As violence escalates again in the eastern Democratic Republic of the Congo, the world must recognize the need for sustained attention and intervention.
By Colin Thomas-Jensen and Rebecca Feeley
This winter, the militaries of the Democratic Republic of the Congo and Rwanda -- much to our surprise, given their historical antipathy -- joined forces in an offensive against a rebel group based in eastern Congo: the Democratic Forces for the Liberation of Rwanda, or the FDLR. Led by the architects of the 1994 Rwandan genocide, the FDLR has terrorized Congolese civilians for nearly 15 years. The group's presence has also served as a pretext for Rwandan intervention that has frequently worsened an already grim humanitarian situation in eastern Congo.
and many other observers predicted at the time that the joint offensive would
lead FDLR rebels to conduct reprisal attacks upon civilians. So, we weren't
surprised to hear that atrocities against civilians have escalated dramatically
in recent weeks. In one instance, the United Nations peacekeeping mission in
the Congo, MONUC, reported that the FDLR had massacred more than 60 people in
the village of Busurungi. Local officials tell us that the FDLR killed nearly
twice that number, after clashes with the notoriously inept Congolese Army.
While human rights groups catalog atrocities and advocacy groups sound the alarm, U.N. officials tell us that the situation in eastern Congo is "tense but under control." The gap between the rosy assessments we frequently hear from MONUC and the grim accounts we hear from Congolese affected by the conflict is outrageous and infuriating. And as the Congolese government launches a new offensive this summer, we think the worst is ahead.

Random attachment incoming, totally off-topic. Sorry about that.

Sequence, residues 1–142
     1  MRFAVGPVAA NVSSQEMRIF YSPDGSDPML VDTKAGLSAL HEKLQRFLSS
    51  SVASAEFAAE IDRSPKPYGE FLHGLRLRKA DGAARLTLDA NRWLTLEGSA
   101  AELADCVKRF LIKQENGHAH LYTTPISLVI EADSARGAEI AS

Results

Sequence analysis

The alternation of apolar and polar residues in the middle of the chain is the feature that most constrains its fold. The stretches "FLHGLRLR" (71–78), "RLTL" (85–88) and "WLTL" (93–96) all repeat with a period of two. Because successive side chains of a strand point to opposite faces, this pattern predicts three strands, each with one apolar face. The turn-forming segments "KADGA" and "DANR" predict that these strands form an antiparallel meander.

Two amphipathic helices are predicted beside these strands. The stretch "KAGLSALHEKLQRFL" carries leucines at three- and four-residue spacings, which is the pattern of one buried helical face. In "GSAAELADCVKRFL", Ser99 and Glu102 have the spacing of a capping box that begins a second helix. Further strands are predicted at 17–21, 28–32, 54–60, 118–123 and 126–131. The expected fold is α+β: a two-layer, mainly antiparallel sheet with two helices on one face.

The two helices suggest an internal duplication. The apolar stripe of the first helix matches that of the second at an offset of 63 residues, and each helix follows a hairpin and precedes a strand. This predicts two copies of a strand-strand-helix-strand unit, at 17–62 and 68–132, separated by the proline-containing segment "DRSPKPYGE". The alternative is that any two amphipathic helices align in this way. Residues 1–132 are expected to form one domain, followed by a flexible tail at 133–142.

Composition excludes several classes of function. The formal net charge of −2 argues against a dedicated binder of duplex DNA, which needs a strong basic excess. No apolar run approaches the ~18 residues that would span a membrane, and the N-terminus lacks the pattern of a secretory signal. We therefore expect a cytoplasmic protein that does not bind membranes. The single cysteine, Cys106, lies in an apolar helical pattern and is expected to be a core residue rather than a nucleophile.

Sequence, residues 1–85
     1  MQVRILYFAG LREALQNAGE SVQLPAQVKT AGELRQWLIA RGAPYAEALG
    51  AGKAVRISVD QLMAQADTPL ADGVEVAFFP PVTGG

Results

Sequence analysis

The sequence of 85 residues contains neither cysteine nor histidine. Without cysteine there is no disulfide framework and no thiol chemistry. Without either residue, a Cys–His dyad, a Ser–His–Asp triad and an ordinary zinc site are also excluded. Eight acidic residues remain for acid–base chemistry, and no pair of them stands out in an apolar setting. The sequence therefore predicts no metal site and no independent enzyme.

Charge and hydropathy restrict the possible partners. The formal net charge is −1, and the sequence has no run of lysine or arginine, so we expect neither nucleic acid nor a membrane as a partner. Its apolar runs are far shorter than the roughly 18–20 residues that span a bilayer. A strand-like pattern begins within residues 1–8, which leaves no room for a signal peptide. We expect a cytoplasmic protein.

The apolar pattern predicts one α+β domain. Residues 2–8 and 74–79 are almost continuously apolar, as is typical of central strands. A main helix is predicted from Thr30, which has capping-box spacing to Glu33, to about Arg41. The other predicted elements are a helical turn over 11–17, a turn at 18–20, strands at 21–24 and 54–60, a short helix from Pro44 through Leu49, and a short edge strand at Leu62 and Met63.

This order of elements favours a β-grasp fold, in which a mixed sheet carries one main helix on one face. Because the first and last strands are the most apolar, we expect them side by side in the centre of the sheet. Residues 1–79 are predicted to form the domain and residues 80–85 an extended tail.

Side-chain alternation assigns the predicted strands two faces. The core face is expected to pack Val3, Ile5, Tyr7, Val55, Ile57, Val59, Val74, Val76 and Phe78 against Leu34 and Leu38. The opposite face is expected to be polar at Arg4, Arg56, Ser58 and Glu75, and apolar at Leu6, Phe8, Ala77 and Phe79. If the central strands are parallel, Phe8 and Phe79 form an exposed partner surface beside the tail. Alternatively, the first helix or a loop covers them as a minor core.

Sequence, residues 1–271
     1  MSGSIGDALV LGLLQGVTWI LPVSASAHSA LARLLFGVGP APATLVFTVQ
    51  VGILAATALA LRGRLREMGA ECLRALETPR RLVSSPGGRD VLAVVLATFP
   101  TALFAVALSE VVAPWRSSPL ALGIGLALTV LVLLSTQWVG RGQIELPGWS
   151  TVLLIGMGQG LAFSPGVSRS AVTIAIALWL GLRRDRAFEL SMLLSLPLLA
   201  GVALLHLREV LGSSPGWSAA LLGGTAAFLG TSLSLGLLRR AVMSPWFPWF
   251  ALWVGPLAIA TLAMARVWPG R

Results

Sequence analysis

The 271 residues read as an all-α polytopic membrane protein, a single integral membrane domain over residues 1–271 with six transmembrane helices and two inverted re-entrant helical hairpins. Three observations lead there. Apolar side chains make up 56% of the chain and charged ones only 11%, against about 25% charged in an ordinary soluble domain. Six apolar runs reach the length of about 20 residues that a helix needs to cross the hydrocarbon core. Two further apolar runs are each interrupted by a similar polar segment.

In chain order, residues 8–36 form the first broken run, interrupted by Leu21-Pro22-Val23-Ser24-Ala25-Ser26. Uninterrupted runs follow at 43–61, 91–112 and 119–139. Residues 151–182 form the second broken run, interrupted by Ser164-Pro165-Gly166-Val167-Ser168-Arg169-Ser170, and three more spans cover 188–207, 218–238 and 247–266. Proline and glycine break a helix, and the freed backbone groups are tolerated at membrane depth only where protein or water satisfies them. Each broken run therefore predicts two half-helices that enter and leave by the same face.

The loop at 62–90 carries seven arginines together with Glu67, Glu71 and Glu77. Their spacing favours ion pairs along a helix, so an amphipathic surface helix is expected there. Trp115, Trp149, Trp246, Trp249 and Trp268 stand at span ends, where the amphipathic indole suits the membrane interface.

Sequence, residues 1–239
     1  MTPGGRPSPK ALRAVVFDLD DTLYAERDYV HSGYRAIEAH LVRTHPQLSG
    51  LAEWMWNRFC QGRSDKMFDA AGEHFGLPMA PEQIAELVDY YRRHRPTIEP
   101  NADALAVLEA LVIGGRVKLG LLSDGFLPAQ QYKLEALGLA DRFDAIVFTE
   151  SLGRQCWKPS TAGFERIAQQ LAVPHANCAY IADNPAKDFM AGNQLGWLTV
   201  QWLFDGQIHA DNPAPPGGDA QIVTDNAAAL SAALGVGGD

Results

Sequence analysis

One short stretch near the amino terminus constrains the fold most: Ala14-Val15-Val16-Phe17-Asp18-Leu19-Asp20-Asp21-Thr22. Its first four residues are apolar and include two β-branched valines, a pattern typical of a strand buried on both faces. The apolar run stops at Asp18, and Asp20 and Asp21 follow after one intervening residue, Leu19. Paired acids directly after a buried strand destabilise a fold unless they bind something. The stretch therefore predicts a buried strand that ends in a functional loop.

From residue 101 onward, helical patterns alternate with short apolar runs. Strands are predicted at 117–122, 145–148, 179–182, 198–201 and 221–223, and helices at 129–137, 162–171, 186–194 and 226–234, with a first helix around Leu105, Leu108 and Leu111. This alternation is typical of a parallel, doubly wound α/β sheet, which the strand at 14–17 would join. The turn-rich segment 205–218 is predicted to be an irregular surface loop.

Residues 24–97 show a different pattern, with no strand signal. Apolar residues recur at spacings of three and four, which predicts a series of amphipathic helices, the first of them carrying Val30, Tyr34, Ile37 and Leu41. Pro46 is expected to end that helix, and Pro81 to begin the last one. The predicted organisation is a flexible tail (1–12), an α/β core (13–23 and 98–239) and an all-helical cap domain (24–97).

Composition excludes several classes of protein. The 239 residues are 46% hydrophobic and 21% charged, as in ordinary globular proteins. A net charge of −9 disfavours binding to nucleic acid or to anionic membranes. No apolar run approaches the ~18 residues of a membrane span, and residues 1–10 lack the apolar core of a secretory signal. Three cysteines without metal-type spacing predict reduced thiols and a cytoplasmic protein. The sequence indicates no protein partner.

Doing research and advocacy to help end the crisis in the Great Lakes region around Congo can feel like screaming into an empty room. The region has been so violent for so long that the United Nations, donor governments, and the press have become numb. But there is a cure to even the worst cases of "conflict fatigue": an understanding that solutions are within reach if we just have the will to pursue them -- solutions that can prevent thousands of senseless deaths.
With greater operational capacity, firmer direction from the U.N. Security Council, and decisive leadership on the ground, MONUC could provide greater protection for civilians.
With high-level multilateral diplomacy led by the United States and the European Union, the Congolese and Rwandan governments could go beyond their current uneasy military cooperation and achieve lasting political solutions to the regional conflict. With bigger incentives for disarming, an emphasis on civilian protection, and tactical support from Western militaries, a regional counterinsurgency strategy could succeed against the FDLR.
With greater coordination among donors, conditioned support to the Congolese government could begin to end impunity, professionalize the Army, and improve governance. And with corporate due diligence in the mining sector, the Congolese could begin to benefit from their country's immense natural resources while drying up the trade in conflict minerals that remain a lifeblood for predatory militias.
That's a laundry list of "coulds," but in a place like Congo -- a desperately poor country where nearly 6 million people have died from 13 years of chronic conflict -- the world has a lot of work to do. Anyone advocating for an end to the conflict must be content with slow and steady progress and not expect a quick fix. In fact, this is true of most conflicts. Conflict fatigue only takes root when we forget that.
Colin Thomas-Jensen is policy advisor to Enough, the Center for American Progress's project to end genocide and crimes against humanity. Rebecca Feeley is Enough's former field researcher based in eastern Democratic Republic of the Congo.
UN Photo/Marie Frechon